Kick It Out has condemned a tweet sent by Bernardo Silva to Manchester City team-mate Benjamin Mendy, calling for retrospective action to be taken against the Portugal international.

Bernardo Silva tweeted a photo of Mendy as a child alongside a dated image from Spanish confectionary 'Conguitos' that has been criticised for its racist connotations, with the caption: "Guess who?".

Mendy did not appear to take offence, replying with laughing emojis and a message saying: "1-0 for you will see", but other Twitter users were quick to point out the racist implications of Bernardo Silva's post.

The attacking midfielder deleted the entry before commenting: "Can't even joke with a friend these days…You guys…"

The Football Association (FA) has confirmed it will investigate the matter and Kick It Out, football's equality and inclusion organisation, wants to see punishment meted out. 

"We are extremely disappointed to see the tweet posted by Bernardo Silva, which has since been deleted. Racist stereotypes are never acceptable as 'banter', and we're shocked that someone who is a role model to millions has failed to understand the discriminatory nature of his post.

"The FA have been notified and we believe that retrospective action should be taken, including mandatory education – which is vital to challenge offensive behaviour such as this."

The tweet from Bernardo Silva came less than 24 hours after he scored a hat-trick in City's 8-0 victory over Watford, which saw Mendy make his first Premier League start since April.

The Football Association (FA) will investigate a tweet Manchester City midfielder Bernardo Silva sent to team-mate Benjamin Mendy.

Bernardo Silva tweeted a photo of Mendy as a child alongside a dated image from Spanish confectionary 'Conguitos' that has been condemned for its racist connotations, with the caption: "Guess who?"

Mendy did not appear to take offence, replying with laughing emojis and a message saying: "1-0 for you will see", but other Twitter users were quick to point out the racist implications of Bernardo Silva's post.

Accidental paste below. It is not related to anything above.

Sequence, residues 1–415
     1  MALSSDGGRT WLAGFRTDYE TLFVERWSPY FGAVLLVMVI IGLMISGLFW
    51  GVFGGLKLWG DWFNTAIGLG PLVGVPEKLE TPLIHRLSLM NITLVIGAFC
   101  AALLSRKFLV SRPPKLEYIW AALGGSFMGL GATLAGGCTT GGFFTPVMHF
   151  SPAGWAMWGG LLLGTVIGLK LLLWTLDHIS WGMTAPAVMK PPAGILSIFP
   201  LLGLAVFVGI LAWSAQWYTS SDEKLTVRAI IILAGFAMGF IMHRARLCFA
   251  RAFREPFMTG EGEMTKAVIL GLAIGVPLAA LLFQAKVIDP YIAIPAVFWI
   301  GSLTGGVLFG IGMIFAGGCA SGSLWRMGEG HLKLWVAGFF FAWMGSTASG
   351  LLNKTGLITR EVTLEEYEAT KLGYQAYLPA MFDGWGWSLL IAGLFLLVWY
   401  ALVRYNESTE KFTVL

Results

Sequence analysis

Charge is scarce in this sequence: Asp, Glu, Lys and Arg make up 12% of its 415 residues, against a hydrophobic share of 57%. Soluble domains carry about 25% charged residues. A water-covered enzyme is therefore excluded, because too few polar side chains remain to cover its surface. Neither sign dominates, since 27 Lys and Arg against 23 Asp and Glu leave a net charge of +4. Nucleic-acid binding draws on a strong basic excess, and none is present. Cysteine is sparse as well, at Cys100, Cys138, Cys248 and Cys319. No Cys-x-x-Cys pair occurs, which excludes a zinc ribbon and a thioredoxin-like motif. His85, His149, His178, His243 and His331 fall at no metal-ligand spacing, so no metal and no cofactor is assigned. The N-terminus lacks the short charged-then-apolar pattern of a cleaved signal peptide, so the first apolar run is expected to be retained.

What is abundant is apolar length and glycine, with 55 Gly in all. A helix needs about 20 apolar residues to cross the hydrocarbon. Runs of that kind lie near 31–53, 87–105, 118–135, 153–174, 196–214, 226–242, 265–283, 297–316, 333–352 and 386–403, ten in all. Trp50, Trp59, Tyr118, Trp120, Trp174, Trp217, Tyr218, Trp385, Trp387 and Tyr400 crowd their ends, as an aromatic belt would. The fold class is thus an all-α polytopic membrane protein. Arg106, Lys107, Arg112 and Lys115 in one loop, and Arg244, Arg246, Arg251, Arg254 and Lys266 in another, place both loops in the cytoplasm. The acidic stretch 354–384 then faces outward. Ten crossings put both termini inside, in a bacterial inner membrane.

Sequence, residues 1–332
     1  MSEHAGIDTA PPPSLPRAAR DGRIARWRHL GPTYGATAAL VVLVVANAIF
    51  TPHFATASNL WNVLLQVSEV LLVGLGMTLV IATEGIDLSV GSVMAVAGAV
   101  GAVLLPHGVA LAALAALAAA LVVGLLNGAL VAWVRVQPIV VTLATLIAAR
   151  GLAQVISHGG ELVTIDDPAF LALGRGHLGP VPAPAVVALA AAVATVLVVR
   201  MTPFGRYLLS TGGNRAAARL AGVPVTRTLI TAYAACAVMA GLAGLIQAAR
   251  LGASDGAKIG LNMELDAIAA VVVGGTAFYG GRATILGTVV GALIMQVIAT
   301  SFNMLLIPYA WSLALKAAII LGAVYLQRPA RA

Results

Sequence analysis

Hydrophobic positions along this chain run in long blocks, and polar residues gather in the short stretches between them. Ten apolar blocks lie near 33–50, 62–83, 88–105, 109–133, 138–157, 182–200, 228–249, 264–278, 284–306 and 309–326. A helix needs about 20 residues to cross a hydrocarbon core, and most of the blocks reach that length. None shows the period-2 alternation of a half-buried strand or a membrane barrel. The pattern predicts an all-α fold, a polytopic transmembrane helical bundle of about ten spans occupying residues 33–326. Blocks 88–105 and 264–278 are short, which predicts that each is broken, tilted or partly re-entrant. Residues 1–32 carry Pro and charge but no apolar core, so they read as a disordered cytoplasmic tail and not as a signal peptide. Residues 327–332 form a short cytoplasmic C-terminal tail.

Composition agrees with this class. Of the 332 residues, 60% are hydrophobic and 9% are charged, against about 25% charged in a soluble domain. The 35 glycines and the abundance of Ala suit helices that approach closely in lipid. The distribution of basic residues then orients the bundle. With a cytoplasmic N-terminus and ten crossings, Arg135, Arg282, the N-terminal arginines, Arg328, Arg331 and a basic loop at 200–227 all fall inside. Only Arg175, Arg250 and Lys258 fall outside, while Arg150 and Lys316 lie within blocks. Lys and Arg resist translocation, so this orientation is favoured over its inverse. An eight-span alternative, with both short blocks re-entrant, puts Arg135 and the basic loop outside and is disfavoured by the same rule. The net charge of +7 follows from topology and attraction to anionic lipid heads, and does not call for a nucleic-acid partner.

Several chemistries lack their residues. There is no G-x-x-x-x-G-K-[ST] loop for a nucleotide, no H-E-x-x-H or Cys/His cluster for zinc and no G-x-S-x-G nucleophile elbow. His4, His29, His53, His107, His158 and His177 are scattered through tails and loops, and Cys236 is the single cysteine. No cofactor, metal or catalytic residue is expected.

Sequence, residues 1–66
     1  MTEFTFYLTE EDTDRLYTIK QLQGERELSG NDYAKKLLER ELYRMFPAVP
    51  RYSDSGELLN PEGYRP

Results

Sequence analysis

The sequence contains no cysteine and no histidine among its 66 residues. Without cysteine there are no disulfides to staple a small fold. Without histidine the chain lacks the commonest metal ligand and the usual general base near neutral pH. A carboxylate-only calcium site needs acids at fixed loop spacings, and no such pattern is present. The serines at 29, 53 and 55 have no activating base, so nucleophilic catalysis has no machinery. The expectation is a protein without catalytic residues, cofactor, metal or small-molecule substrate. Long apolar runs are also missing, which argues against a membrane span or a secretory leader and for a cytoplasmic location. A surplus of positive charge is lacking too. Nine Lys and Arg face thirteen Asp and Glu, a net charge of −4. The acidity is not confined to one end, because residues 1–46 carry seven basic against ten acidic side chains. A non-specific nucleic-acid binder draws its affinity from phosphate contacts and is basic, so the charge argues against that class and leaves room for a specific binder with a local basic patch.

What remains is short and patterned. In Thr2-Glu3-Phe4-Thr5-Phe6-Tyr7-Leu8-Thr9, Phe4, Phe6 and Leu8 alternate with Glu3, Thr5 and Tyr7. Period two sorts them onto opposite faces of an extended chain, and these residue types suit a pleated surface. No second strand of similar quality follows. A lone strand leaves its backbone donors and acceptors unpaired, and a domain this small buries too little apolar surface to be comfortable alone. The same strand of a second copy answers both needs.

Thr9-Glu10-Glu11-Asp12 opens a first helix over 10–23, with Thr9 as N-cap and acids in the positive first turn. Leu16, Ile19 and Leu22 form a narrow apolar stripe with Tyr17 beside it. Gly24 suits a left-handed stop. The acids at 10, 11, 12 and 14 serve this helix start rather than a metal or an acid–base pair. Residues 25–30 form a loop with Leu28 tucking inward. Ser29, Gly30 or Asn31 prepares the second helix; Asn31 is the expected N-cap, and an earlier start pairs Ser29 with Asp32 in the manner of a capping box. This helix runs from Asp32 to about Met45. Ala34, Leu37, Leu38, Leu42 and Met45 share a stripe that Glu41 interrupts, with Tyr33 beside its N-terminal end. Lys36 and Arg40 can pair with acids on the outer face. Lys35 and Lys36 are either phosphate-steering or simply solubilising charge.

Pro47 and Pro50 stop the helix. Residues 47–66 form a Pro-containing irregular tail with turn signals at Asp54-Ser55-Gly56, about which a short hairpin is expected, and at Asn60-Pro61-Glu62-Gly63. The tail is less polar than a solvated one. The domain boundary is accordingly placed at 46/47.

The Portugal international deleted the entry before commenting: "Can't even joke with a friend these days…You guys…"

However, the FA will look into the tweet and the City midfielder could face punishment.

Bernardo Silva's post came less than 24 hours after he scored a hat-trick in City's 8-0 victory over Watford, which saw Mendy make his first Premier League start since April.

The Premier League confirmed on Friday it is in talks with representatives from Twitter over the "discriminatory and hateful conduct" that has led to the abuse of numerous players, including Marcus Rashford, Paul Pogba and Tammy Abraham over recent weeks.

Officials from the EFL and the FA also attended a meeting with bosses from the social media platform to discuss the problem of users aiming racist abuse at footballers.

Manchester City star Raheem Sterling has been among those leading calls for English football's governing bodies to take action to combat racism in the game, and the Premier League indicated that talks with Twitter would continue with the aim of tackling the problem online.

A statement on the Premier League's official website read: "The Premier League, EFL and FA met Twitter today [Friday] with respect to the ongoing concerns surrounding discriminatory and hateful conduct taking place on the platform.

"The meeting was productive and positive, and gave both the football authorities and Twitter an opportunity to examine some of the specific issues around this unacceptable behaviour both online and offline.

"All parties agreed to take these constructive discussions forward."

Manchester United and England defender Harry Maguire previously used the platform to call for an authentication process to be put in place to combat the problem.

After hateful language was directed at Pogba, Maguire posted: "Disgusting. Social media need to do something about it."

Rashford also reacted at the time, saying: "Enough now, this needs to stop. Manchester United is a family.

"Paul Pogba is a huge part of that family. You attack him you attack us all."

Peter Beardsley has been suspended from football for eight months after being found to have used racist and abusive language while in his role as Newcastle United's Under-23s coach.

An independent commission imposed a 32-week ban on the ex-England international and ordered him to undergo an education course after the Football Association (FA) charged him with three breaches of FA Rule E3 in March.

Beardsley, who denied each of the charges, left his post at Newcastle that month, having been placed on gardening leave in January 2018.

"The FA alleged that Mr Beardsley used abusive and/or insulting words, which were contrary to FA Rule E3(1) and constituted an 'Aggravated Breach' under FA Rule E3(2) due to reference of ethnic origin and/or colour and/or race and/or nationality, while employed as a coach of the club's Under-23s team," read an FA statement.

"All three breaches of FA Rule E3 were denied but subsequently found proven based upon the results and findings of Newcastle United FC's disciplinary proceedings.

"Mr Beardsley has also been ordered to complete a face-to-face education course."

The 58-year-old, who played for Newcastle, will be required to refrain from all football-related activity until April 29, 2020.

In a statement released via his legal representatives, Beardsley was said to be "very surprised and disappointed" by the outcome.